Guide to Alaska sovereign citizens trial: Patriots, militias and going to extremes

Jill Burke

Fairbanks militia leader Schaeffer Cox is currently on trial in federal court on weapons and murder conspiracy charges in a case that has overtones of the radical sovereign citizen movement that the FBI has recently identified has a top domestic terrorist threat. Standing trail with him are two of members of his Alaska Peacemakers Militia, Coleman Barney and Lonnie Vernon.

RELATED: Sovereign citizens militia members on trial

Prosecutors allege the trio formulated a plan to kidnap and kill government officials, including members of law enforcement and judges -- and that they acquired illegal guns and explosives in service of that agenda. The defense has claimed investigators have seriously overreached, and that the only thing Cox is guilty of is a big mouth and that the others are guilty solely of befriending and standing by him.

Prosecutors built their case through a state-federal investigation that relied on two undercover witnesses, each with baggage of their own. One was a well-known con man who'd agreed to infiltrate Cox's group to get a break in a different criminal mess he'd gotten himself into. The other turned out to have ties to U.S. Senate candidate Joe Miller and at one point ended up handcuffing Alaska Dispatch editor Tony Hopfinger at a public event in the weeks leading up to the 2010 election.

Who are these guys and who the heck is to be believed as the trial unfolds?

To help you unravel the events and people leading to the high-profile case, here's a list of stories past and present about Cox, the moles, and the sovereign citizen movement. Also check out or militia section.

  1. 1 Searching for the real Schaeffer Cox

    Schaeffer Cox started out life in Fairbanks as a student of the Bible only to become -- if authorities are to be believed -- a potentially dangerous and violent revolutionary looking to kill law enforcement and overthrow the country.

  2. 2 Alaska militia 'supply sergeant' vanishes as alleged murder plot unfolds

    Drop Zone owner William Fulton hasn't been seen since a few days after Fairbanks militia members were busted on conspiracy charges.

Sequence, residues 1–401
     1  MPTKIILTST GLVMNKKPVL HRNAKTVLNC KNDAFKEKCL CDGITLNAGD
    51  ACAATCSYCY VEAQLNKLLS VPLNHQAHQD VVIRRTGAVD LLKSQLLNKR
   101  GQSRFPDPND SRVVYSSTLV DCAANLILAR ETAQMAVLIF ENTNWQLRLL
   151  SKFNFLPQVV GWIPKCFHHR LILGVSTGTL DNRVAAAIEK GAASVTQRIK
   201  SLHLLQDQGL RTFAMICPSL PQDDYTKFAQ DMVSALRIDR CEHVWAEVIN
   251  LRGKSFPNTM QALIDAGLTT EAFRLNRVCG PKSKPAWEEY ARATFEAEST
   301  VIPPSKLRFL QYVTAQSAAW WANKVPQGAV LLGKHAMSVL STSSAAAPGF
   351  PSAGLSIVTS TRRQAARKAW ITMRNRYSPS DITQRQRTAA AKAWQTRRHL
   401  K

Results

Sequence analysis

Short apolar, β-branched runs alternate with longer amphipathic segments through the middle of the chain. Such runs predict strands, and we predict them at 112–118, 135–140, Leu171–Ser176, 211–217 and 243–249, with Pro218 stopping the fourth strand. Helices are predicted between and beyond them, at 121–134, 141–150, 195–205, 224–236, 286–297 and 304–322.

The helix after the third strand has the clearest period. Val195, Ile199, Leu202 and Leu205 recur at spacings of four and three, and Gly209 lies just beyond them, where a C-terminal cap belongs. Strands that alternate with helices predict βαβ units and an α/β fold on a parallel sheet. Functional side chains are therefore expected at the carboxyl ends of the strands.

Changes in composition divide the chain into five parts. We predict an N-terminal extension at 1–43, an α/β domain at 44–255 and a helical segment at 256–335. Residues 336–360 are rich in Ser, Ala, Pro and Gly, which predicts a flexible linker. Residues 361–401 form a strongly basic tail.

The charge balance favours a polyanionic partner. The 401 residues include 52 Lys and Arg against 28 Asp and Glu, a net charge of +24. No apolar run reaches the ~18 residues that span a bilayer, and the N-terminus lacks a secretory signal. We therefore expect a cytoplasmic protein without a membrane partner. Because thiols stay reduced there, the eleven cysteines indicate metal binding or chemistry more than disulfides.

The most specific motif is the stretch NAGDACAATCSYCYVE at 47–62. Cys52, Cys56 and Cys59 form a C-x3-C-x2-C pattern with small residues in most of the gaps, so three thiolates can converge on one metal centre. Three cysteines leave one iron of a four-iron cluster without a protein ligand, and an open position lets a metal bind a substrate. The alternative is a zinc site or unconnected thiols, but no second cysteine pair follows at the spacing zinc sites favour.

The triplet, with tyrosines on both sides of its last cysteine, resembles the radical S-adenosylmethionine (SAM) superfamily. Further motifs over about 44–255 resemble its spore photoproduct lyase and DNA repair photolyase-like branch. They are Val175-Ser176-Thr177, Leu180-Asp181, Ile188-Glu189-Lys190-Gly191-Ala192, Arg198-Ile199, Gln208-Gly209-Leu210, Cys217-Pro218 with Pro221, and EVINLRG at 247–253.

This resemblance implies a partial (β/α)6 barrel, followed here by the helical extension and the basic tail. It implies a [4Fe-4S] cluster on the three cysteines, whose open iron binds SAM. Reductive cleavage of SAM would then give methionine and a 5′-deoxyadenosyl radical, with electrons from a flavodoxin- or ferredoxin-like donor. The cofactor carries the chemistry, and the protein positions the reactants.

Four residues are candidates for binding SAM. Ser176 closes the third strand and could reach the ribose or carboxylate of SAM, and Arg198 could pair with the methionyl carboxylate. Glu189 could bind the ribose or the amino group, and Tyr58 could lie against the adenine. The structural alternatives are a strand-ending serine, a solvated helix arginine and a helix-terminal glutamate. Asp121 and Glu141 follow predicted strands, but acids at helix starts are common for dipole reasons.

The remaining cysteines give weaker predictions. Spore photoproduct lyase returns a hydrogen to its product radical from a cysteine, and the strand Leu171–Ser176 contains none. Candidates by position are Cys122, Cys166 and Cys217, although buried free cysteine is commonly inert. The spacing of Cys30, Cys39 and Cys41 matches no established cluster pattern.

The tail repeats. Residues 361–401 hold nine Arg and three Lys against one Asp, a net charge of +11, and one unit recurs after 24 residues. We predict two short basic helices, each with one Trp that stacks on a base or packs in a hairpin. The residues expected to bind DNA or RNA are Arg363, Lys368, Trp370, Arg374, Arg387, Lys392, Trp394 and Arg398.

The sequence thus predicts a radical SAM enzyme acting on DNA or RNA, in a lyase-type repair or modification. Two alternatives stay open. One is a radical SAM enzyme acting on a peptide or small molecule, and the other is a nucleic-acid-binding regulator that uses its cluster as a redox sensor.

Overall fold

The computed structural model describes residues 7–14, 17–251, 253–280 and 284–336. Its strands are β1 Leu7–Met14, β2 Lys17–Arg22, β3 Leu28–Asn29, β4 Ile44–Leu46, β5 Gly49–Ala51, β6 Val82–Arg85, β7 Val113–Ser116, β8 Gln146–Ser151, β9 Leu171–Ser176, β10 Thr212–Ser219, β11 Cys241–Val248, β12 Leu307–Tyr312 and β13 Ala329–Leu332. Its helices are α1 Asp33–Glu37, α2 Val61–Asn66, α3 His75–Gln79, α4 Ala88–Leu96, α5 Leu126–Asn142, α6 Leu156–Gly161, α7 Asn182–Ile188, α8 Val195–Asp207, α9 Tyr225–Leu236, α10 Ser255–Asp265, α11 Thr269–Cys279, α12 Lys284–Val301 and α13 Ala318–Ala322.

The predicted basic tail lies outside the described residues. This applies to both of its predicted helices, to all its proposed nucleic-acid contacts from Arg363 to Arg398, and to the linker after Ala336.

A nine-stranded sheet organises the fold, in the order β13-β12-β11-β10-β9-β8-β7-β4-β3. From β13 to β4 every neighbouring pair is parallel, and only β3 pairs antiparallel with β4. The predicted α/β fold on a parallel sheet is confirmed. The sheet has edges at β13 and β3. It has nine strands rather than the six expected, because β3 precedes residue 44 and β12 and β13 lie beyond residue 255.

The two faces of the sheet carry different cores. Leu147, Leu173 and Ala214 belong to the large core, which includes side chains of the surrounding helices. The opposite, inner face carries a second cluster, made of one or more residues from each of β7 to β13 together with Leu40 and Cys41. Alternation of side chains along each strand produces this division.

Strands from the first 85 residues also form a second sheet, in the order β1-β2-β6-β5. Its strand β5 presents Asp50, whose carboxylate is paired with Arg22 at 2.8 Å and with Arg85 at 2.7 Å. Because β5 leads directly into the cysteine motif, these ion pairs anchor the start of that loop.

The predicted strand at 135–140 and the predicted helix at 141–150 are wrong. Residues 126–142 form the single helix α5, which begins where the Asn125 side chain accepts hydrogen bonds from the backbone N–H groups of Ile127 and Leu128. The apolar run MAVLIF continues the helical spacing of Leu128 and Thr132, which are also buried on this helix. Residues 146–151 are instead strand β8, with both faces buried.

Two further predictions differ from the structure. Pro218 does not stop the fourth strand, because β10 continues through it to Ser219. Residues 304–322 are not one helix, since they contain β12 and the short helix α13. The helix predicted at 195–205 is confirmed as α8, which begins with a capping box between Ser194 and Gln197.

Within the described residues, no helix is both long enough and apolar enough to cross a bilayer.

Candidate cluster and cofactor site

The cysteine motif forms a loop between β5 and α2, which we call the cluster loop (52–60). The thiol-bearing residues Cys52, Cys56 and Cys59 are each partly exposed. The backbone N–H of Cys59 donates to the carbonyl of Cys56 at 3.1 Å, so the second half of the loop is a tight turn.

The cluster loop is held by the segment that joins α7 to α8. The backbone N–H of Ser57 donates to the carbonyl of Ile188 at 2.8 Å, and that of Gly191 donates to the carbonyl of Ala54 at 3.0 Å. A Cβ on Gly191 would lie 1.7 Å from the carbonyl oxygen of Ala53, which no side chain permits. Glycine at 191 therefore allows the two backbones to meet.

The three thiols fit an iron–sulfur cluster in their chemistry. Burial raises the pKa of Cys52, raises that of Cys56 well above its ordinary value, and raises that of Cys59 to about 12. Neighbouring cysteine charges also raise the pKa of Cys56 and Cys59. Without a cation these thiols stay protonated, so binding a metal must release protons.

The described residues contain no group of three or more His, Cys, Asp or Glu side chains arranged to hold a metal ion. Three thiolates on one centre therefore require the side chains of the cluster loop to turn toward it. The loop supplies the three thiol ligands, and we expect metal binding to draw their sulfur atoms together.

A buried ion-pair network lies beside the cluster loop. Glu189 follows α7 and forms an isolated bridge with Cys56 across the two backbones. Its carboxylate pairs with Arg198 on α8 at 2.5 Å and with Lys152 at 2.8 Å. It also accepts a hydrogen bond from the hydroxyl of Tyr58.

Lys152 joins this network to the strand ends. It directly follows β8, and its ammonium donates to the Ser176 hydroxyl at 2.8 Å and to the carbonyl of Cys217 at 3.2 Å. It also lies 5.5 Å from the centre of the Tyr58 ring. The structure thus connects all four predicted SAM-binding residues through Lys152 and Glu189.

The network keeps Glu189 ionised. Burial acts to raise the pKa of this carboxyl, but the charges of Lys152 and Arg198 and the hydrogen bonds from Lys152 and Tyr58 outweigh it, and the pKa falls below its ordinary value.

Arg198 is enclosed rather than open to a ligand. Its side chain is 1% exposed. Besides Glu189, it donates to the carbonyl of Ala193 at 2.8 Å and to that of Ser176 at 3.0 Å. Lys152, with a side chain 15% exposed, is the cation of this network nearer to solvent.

3. 3 Is 'Drop Zone Bill' friend or snitch in Alaska militia movement?

    Those who know William Fulton, a former bounty hunter who ran a military supply store, wonder whether he was trying to set them and others up as part of a federal crackdown on an Alaska militia.

  4. 4 How Gerald Olson infiltrated the Alaska Peacemakers Militia

    PART II: Felon Gerald Olson cut a deal with authorities to help them dig up dirt on an alleged militia murder plot. But can "Mr. Sewage" be trusted? 

  5. 5 Alaska militia infiltrator exposed

    Con man turned mole: How convicted swindler Gerald "J.R." Olson landed a dangerous assignment to save his own skin.

  6. 6 Militia co-defendant: We were set up

    Coleman Barney wants you to believe he's just like anyone else in Fairbanks, Alaska. He adheres to the U.S. Constitution and loves his guns. Here's what else he told a federal judge Thursday.

  7. 7 Why was an FBI informant working for Alaska political campaigns?

    In the 10 months Bill Fulton worked as a paid FBI informant in a sweeping investigation of an Alaska militia, he also lent a hand to political candidates in the 2010 elections.

  8. 8 Indicted sovereign citizens in Lower 48 linked to Schaeffer Cox

    Four people who helped acquit Fairbanks-based militia leader Schaeffer Cox of state charges in a common law court proceeding now have their own criminal problems to deal with.

  9. 9 In election year, a federal focus on sovereign citizen movement

    In an era when Barack Obama, a president viewed as radically liberal by the extreme right, prepares to seek a second term, an anti-government movement poses an increasing threat to law enforcement and government workers.

  10. 10 Paranoia vs. patriotism in openings of Fairbanks militia trial

    As the trial begins, Federal prosecutors attempt to paint Schaeffer Cox, Coleman Barney and Lonnie Anderson as paranoid and dangerous to public safety. Defense attorneys say they're on the right side of the law.